Mary Lynn Laughlin, a portfolio manager at Lakepoint Investment Partners, is now the president. Former Cleveland Foundation President Steve Minter is second-in-command, should Laughlin retire, die, or get tired of the nickname "sweetheart" and being told to "fetch me a Gibson with two olives, one for each of them sweet breasties of yours."
"The club really has a new energy about it," says GM Claudio Caviglia. "It certainly is going to make our club more interesting and more attractive to the woman gender in our community."
Change has been underway for several years now for a club that has seen five U.S. presidents grace its membership rolls. In 2004, it completed a $6.7 million renovation of its 135-year-old building on Euclid, including changes to make the club more accommodating for the opposite sex. Those included new ladies' restrooms, a spa in the basement, and, most important, an upgraded kitchen on the third floor. (Just a bit of Union Club humor, heh heh.)
It's also aggressively trying to recruit more minorities, women, and young people. But don't think you can just stop by and sip scotch with the city's elite. The club is still just as hard to get into as it always was, requiring written recommendations from five members.
"It is not knocking on the door and 'Here, I want to join, here's the check,'" says membership director Danica Savchuk. This was perhaps a polite way of telling Punch that we shouldn't cancel our tab at McCarthy's.
Do as I say, not . . .
Back when he owned the Challenger newspaper, Eric Brewer thrived on shredding pompous politicians for their misuse of money, lack of transparency, and whatever other flaws he could expose -- real or imagined.
Now that he's a pompous politician, the same principles don't seem to apply.
Punch spent last week trying to reach Brewer to discuss his recent junket to Las Vegas. As The Plain Dealer reported, Brewer and four staffers -- including his secretary -- hit Vegas for a convention, purportedly trying to sell retailers on East Cleveland's many assets. It's a job that could have been done by one person in about 30 seconds: East Cleveland is just like the movies! You've seen Apocalypto, right? But it took five people four nights in Vegas, according to purchase orders submitted by Brewer and his crew.
The group booked five rooms at the Riviera, costing the city $2,200. They also spent $2,000 in conference fees and $1,700 on meals. No receipts for airfare or lap dances have been submitted, city council clerk Tracey Williams says, nor is it clear whether Brewer bet his key to the city in a blackjack game.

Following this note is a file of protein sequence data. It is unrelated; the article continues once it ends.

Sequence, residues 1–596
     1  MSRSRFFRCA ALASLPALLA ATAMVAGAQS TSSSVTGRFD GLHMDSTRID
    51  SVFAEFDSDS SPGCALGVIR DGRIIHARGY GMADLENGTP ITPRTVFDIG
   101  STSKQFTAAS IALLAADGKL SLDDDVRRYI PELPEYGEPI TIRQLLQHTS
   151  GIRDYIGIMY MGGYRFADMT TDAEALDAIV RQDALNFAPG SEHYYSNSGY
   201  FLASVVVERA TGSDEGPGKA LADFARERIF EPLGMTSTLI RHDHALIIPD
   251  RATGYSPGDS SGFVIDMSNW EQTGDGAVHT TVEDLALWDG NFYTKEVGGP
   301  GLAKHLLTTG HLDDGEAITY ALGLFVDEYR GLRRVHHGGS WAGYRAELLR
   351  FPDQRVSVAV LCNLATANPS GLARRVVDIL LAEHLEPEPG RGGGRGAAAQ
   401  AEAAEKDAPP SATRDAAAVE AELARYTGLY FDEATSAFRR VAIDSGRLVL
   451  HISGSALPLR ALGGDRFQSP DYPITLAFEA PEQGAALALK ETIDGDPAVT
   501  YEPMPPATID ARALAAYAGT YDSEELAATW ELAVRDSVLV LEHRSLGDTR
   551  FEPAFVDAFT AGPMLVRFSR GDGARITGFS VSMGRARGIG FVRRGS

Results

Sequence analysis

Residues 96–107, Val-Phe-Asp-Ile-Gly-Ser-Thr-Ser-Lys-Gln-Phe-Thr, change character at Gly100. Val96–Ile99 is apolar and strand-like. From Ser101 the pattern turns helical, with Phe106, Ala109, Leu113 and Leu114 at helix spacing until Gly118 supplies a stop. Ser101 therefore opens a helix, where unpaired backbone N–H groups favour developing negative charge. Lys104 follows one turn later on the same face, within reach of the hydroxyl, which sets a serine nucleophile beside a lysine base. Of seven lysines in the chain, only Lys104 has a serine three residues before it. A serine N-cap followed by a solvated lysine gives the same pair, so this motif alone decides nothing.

Brewer told The PD that the city may not have to pick up the tab, because the Greater Cleveland Partnership set up a fund to solicit donations. But shockingly, no one has ponied up so far. And Brewer, once the city's self-appointed watchdog, apparently is done discussing it. Though he told councilman Nathaniel Martin that Scene was trying to reach him, he wouldn't return our calls. And we're not the only ones he's not talking to.
"He didn't even tell the council he was going out of town," Martin says. "He took his entourage on his junket" and "the legislative branch was left out. That wasn't a real smart thing."
A dog's (really good) life
The Barkley Pet Hotel and Day Spa in Orange takes its clients very seriously. Guests are given the choice of staying in poolside suites or rooms overlooking a large aquarium. Owners can pay for their pets to receive gourmet room service from places like the Hyde Park steak house and receive masseuse and acupuncture sessions.
After all, little Miss Fluffernutter is the best dog in the world, so it only makes sense she be treated as such.
The five-star accommodations also make it easier for owners to leave Punky-Poo in someone else's care while on vacation. They can check in on their pups via the hotel's webcam or call the staff to get daily status reports. And when owners come to pick up their yorkie or lab, they receive a report card of their pet's behavior.
When 26-year-old Maria Vargas recently picked up Gus, her year-old Maltese, she learned that during playtime her dog was "active, friendly, excited, and happy." He had "daily, regular eliminations" and was generally "happy, playful, loving, and talkative." The counselors "would love to have him back."
Of course, for $65 a night for a poolside suite, equipped with his own flat-screen TV and satin-lined bed, Gus would love to come back too.
Taft gets new gig.
After proving that he is to government what Gilbert Gottfried is to comedy, Bob Taft is taking his gift for ineptitude to a new frontier: education.
The former governor has been hired as a "distinguished research associate" at the University of Dayton, where he'll apparently teach students how to trade large public contracts for free rounds of golf. Taft's new Center for Educational Excellence will also encourage kids to study science, math, and other stuff best left to the Japanese.
But what's surprising is the university chose to employ the words "excellence" and "Bob Taft" in the same sentence.
This, after all, is the governor who oversaw the proliferation of charter schools, which have managed to steal more money and perform even worse than the public schools they were supposed to replace. Moreover, his School Facilities Commission was caught handing out no-bid contracts to the GOP's largest campaign contributors.
But perhaps the university is more interested in payback than scholarship. Dayton and its research partners received at least $42 million in funding from the Third Frontier Project, Taft's high-tech employment initiative that has thus far created two new jobs at a mini-golf course in Findlay.
Taft's charge will be to drum up funding for science and tech programs. Sources say he's now prepared to trade the school's athletic complex for a steak dinner and $36 -- if you call before midnight tonight. Operators are standing by.
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